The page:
However, using the Mann–Whitney U test, significant differences were ruled out between the opinions of teachers on the selection and creation of the various types of problems and the variables of age, experience, academic degree and time spent planning. Nevertheless, the value that relates the teacher’s workplace and their opinions on the selection of problems with fictitious contexts indicates that there are significant differences depending on whether they work in a rural or urban area (y Z = −3.05; p = 0.02). Indeed, the mean is lower in the group of teachers from urban areas (1.82) in contrast to the mean (2.74) of teachers from rural areas. That is, the opinions of teachers in urban areas are more unfavorable with respect to using fictitious contexts than those in rural areas.
Despite the fact that MEP [7
] promotes the use of history in mathematics classes, the highest percentage of teachers surveyed do not take a position regarding proposing historical problems in their mathematics classes (see Figure 2
). In addition, when asked about proposing mathematical problems with indigenous contexts, the highest percentage of participants indicated that they disagreed or totally disagreed. Contrary to these opinions, D’Ambrosio [5
] advocates, from the Ethnomathematics Program perspective, to consider mathematics coming from the worldview, ideologies, intellectual achievements and historical values of various civilizations including the indigenous cultures.
4.2. Sources Used for the Selection and Creation of Contextualized Mathematical Problems
We have already underlined that within the competences of mathematics teachers in the didactic planning of the class, there is the selection and/or elaboration of mathematical problems [39
]. In the Costa Rican context, it is also expected that the teacher promotes the resolution of problems with active contextualization, as it is one of the disciplinary axes of the curriculum. In this sense, teachers were asked how much they agreed with using the different resources available for the selection and creation of contextualized mathematical problems. These results respond to dimension 3 of this study. The information collected is summarized in Figure 3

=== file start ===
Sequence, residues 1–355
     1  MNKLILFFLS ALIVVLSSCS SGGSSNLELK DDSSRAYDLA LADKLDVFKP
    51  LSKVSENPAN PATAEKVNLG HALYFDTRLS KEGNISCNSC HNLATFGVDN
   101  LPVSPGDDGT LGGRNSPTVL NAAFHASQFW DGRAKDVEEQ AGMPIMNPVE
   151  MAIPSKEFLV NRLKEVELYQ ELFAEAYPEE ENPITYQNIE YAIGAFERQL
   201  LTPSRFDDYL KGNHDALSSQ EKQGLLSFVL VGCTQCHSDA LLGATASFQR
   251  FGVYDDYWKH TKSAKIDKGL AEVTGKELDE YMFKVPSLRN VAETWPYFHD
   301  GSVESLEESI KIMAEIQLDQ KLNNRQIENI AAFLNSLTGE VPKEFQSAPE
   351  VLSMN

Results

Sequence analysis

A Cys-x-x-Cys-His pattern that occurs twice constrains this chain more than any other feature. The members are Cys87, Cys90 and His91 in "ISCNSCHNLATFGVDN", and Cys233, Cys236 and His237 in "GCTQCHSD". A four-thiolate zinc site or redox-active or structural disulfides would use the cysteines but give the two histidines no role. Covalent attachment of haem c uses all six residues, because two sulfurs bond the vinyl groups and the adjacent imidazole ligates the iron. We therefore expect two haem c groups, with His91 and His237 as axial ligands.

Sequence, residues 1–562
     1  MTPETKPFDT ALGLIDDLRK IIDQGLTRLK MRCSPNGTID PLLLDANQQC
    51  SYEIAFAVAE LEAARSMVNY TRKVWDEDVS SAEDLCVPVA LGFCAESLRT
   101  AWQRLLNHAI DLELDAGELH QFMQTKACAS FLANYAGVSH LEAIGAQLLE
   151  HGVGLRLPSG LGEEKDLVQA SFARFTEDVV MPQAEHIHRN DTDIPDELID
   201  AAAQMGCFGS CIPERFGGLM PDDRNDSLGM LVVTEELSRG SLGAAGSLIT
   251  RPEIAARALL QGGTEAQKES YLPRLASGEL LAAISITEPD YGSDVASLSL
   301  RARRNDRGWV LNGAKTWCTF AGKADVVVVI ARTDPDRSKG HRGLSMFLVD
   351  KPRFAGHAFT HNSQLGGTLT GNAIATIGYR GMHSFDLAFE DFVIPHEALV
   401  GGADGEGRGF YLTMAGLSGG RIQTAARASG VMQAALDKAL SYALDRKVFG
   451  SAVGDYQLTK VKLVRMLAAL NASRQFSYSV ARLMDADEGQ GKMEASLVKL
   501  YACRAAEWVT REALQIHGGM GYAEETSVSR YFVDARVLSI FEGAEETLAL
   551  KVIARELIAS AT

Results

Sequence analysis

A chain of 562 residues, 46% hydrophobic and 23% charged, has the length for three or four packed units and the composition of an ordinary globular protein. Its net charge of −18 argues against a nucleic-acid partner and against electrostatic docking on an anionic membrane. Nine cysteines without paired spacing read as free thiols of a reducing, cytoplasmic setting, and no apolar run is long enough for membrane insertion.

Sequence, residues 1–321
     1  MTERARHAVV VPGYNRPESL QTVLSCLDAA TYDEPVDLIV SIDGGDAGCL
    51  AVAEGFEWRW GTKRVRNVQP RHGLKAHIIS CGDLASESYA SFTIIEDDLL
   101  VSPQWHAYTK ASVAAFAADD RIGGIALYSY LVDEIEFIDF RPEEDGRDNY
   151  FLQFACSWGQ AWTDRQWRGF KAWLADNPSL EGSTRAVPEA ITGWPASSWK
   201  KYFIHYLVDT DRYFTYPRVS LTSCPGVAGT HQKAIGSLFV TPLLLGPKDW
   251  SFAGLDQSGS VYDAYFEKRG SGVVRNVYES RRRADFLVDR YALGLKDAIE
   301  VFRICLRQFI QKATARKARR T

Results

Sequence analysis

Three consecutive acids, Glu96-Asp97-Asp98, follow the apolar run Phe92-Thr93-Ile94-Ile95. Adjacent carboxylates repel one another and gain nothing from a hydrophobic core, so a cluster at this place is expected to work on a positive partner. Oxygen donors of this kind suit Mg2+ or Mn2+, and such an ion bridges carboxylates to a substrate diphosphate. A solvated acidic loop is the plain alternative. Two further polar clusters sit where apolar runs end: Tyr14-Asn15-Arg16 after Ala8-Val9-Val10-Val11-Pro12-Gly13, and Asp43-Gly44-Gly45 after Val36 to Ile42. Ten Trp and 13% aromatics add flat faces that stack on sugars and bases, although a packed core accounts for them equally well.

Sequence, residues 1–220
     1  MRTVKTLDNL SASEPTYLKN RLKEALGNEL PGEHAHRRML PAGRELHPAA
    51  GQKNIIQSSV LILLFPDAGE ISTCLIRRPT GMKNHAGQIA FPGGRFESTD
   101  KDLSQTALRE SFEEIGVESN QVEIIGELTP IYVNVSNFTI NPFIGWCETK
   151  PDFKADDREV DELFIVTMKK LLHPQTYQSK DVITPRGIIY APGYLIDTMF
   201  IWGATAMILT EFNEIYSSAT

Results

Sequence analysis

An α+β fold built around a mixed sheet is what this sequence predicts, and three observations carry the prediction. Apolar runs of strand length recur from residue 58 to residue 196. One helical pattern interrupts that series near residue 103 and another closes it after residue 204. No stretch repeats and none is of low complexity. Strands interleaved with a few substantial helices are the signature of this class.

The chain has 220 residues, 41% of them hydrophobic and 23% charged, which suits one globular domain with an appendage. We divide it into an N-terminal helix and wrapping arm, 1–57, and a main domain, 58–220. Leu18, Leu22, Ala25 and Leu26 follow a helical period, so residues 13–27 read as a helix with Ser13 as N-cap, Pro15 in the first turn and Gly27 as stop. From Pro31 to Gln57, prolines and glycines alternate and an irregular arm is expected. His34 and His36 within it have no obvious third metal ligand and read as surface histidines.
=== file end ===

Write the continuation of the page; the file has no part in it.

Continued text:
In the case of the use of textbooks, the participants in this study generally gave a favorable opinion of their use. This agrees with the results of a research carried out almost two decades ago by Murillo [42
] in Costa Rica, who showed that the teachers involved were in favor of the use of textbooks for the teaching of mathematics. These similarities occur even when the study programs and the methodology in the periods in which the two researches are located are different. A similar situation was documented in the research carried out in Chile by Pino-Fan et al. [43
], where the preference of teachers for using textbooks to select or adapt the problems they use in their classes is highlighted.
On the other hand, as evidenced in Figure 3
, the participants do not show a noticeable tendency when giving their opinion on the use of specific indications of the Mathematics Study Programs given by MEP [7
]. In addition, using problems developed in work teams, such as coordination or regional advisory services, is not a common practice for these Costa Rican teachers. In summary, of the five resources consulted, the use of textbooks reached the highest mean of favorable opinions (3.34), while using problems obtained by department coordinators or consultancies obtained the lowest mean (2.27), as can be seen in Table 3
Regarding the use of self-created problems, Malaspina et al. [44
] express that mathematics teachers must develop skills to create their own problems to work with their students and not limit themselves to using the problems found in books or online. However, the majority of teachers seem not to take a position on the matter.
When performing Mann–Whitney U tests, no significant differences were documented in opinions regarding reference sources such as textbooks, study programs, and coordination between groups determined by sex, academic degree, dedication to planning, or area of origin.
On the other hand, when consulting about the use of web pages for problem posing, there is a significant difference when comparing teachers from urban areas with those who live in rural areas. In fact, when performing the Mann–Whitney U test, the values Z = −2.09, p = 0.035 are obtained. The mean of the opinions of teachers who come from rural areas is 2.85, while in participants from urban areas the mean is 3.35. We can infer that more limited access to Internet networks in rural areas may influence these results.
4.3. Close Reality of the Student in the Elaboration of Mathematical Problems
Teachers were asked, in three questions (corresponding to dimension 4), their opinion regarding considering the reality of the student, the educational center and the community near to the educational center, as sources of information to propose mathematical problems in the classroom.
As shown in Figure 4
and Table 4
, the highest percentage of teachers was undecided in each of the statements made in terms of considering the reality of the students, their educational center and people close to the institution. In this regard, more favorable answers were desirable. As explained by Osana and Pelczer [28